LONDON (Reuters) - Equity funds sucked in more than $26 billion in the week to Sept. 16, BofA research showed, as investors chased U.S. stocks after a sharp selloff earlier in the month led by technology stocks.
In a "frenzy into U.S. stocks", investors pumped nearly $24 billion into equities in the world's top economy, the largest such inflows since March 2018, said BofA. The inflows come after 10% pullback in Nasdaq 100 .NDX in early September.
In a recent fund manager survey by BofA, it found that a “tech bubble” is now the second biggest tail risk after a COVID-19 “second wave” as long U.S. tech remained “the most crowded trade” for the fifth straight month.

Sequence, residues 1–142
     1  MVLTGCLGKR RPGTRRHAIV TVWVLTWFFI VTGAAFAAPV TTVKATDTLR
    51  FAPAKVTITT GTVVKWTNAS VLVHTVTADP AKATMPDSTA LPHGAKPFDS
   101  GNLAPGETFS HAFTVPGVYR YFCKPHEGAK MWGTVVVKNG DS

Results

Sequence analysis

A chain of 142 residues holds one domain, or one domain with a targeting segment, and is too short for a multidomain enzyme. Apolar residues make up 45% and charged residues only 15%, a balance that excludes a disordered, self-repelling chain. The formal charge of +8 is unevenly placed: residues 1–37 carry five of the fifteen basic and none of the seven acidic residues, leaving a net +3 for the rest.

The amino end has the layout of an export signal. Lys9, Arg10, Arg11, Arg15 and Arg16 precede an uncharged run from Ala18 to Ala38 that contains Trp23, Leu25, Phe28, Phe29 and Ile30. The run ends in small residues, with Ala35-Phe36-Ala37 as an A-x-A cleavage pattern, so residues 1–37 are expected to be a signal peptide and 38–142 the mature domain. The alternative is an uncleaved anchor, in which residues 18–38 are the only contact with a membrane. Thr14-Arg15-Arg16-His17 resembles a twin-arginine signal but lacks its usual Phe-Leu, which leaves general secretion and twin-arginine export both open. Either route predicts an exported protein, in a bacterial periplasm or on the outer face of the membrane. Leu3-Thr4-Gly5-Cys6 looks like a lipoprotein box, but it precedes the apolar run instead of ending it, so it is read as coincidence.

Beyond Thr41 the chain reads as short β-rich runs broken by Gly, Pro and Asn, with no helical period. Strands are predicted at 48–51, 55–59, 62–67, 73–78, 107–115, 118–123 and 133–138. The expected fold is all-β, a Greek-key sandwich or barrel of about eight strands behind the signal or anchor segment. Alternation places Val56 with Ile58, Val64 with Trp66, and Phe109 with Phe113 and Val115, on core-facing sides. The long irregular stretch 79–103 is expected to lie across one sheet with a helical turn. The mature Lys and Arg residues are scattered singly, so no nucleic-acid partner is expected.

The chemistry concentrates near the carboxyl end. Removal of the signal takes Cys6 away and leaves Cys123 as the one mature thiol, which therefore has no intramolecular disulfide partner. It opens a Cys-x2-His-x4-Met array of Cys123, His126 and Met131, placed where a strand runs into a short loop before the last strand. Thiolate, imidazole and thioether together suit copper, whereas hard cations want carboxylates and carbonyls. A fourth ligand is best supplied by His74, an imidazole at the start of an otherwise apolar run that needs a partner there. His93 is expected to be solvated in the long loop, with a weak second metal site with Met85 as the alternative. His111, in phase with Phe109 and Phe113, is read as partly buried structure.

Still, the rally rumbles on with the Nasdaq 100 up 27% year-to-date.
“Massive weekly rotation to stocks from cash,” said BofA analysts, citing data from financial flow tracking firm EPFR.
A whopping $58.9 billion left cash funds and gold saw its first outflow in four months of $400 million.
Meanwhile, emerging market equity funds saw $2.5 billion outflows but developing debt funds enjoyed an eleventh straight week of inflows.
Reporting by Thyagaraju Adinarayan; Editing by Karin Strohecker and Toby Chopra
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